“In Colombia, the vice president on board has no major functions other than to replace the president, in case of absence, but traditionally the vice president has been given some functions, eventually a ministry,” Basset told the VOA.
By the way, the new government has spoken of promoting the creation of a Ministry of Equality, that would be led by the vice president to legislate in favor of women and the Afro-Colombian population.
On the other hand, the reception of Márquez in the different countries and the reception, for example, in Bolivia, of several indigenous leaders, would be related to the symbol that she represents as a social leader.
For the political analyst, “in this campaign, she has become an important symbol, in these new trends in the Latin American left, which has to do with relations with new social movements that propose a little more diversity on the left of the movement. feminist, of the Afro-Colombian, indigenous and other movements, of demands from young people. And she, in a certain way, symbolizes all this in Colombia and, for the progressive governments of the region, she is a symbol that goes a little in this direction”.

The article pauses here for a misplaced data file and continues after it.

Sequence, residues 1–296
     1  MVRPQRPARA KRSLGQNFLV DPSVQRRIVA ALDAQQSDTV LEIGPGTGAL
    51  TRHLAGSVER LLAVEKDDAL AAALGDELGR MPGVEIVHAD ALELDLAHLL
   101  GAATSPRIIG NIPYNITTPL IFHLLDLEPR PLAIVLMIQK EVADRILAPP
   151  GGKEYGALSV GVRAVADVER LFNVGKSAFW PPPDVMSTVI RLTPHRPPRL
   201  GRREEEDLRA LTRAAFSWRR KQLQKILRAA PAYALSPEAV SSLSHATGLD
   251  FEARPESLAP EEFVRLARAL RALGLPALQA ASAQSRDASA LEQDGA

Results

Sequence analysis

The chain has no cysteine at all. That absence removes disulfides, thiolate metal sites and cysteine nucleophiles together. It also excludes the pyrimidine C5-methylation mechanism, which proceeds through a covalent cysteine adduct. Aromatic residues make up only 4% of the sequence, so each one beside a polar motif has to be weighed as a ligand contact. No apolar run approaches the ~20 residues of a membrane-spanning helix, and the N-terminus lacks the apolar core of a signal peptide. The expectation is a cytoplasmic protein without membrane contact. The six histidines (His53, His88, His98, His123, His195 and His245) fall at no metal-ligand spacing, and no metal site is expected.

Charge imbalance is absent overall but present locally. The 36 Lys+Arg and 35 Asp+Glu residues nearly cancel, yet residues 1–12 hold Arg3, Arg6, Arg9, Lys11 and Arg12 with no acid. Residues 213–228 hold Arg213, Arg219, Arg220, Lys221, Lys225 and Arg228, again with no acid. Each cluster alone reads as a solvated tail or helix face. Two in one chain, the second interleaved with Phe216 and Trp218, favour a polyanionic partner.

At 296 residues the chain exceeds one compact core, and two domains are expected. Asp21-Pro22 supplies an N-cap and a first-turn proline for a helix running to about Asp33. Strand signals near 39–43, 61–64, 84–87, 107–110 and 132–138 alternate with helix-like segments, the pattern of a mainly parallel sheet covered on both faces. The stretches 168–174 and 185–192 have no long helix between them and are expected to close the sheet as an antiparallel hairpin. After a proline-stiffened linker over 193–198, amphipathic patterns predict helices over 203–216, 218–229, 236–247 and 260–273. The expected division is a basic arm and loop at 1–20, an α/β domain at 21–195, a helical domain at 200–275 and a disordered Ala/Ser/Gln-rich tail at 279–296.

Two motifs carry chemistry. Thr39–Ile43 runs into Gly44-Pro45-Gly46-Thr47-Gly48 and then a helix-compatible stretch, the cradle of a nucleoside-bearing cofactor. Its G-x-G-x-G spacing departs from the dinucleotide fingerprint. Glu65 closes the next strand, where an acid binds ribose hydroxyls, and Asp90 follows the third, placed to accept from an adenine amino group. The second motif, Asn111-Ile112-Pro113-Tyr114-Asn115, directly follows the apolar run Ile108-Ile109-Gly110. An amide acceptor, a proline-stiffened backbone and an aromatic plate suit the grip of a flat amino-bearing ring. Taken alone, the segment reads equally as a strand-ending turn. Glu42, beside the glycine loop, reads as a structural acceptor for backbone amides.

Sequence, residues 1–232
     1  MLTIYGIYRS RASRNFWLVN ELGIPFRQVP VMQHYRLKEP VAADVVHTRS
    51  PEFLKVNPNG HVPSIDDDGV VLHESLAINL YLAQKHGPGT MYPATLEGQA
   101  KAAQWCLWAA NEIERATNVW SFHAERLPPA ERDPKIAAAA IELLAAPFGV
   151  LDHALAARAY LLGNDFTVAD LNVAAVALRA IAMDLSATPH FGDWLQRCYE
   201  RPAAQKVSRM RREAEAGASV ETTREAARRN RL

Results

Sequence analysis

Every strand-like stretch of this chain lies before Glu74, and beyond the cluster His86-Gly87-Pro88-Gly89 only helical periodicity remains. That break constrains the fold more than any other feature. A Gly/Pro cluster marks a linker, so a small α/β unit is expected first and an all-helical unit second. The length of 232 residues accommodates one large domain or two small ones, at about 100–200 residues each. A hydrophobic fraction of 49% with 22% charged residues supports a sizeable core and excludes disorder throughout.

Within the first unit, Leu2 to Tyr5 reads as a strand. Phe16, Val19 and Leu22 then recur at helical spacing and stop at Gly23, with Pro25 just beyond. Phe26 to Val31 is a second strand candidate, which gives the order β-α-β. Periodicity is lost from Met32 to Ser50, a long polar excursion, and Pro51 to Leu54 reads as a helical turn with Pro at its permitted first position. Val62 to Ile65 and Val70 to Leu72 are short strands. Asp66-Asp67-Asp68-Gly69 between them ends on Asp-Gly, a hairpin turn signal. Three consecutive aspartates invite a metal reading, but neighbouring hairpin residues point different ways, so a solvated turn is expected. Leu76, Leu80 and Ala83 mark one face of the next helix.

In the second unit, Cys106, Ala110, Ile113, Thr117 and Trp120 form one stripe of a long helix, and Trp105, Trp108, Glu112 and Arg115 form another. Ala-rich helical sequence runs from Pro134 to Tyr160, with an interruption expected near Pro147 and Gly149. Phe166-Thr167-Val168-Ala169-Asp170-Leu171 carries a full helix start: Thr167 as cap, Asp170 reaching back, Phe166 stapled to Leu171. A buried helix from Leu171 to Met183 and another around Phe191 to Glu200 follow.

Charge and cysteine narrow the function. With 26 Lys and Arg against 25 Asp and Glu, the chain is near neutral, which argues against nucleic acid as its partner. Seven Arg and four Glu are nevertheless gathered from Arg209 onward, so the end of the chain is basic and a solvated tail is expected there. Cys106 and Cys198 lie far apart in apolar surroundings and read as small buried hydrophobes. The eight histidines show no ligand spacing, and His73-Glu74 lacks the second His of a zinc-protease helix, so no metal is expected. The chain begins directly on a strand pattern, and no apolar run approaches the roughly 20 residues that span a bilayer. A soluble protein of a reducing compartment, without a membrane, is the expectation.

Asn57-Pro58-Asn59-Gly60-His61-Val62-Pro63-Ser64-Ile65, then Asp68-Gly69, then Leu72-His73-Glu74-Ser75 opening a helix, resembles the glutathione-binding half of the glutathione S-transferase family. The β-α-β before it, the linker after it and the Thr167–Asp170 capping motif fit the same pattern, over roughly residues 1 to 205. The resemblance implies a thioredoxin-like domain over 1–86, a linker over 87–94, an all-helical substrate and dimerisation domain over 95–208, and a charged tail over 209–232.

The Chilean left, for example, is also redefining itself in these instances and the reception that Francia Márquez received there is somewhat related to this will to renew the left to adopt this much more diverse approach and closer to social movements, says Basset .
The same for Brazil, which although it is a much more traditional left, “Lula also tries to redefine himself in this sense,” adds the analyst.
In this way, France concludes its last trip as a social leader, before the inauguration next August that will make it the first afro woman vice president of Colombia.
The fact, says Basset, “creates a certain ambiguity, because the passage from the world of social activism to the political world is not easy, it is a challenge for this government.”
Some describe it as the current political phenomenon in Colombia. 40 years ago, Francia Elena Márquez Mina was born in the community of Yolombó, one of the areas hardest hit by the armed conflict. Her initiatives focus on racial justice, the defense of women’s rights, human rights and the care of life and territory.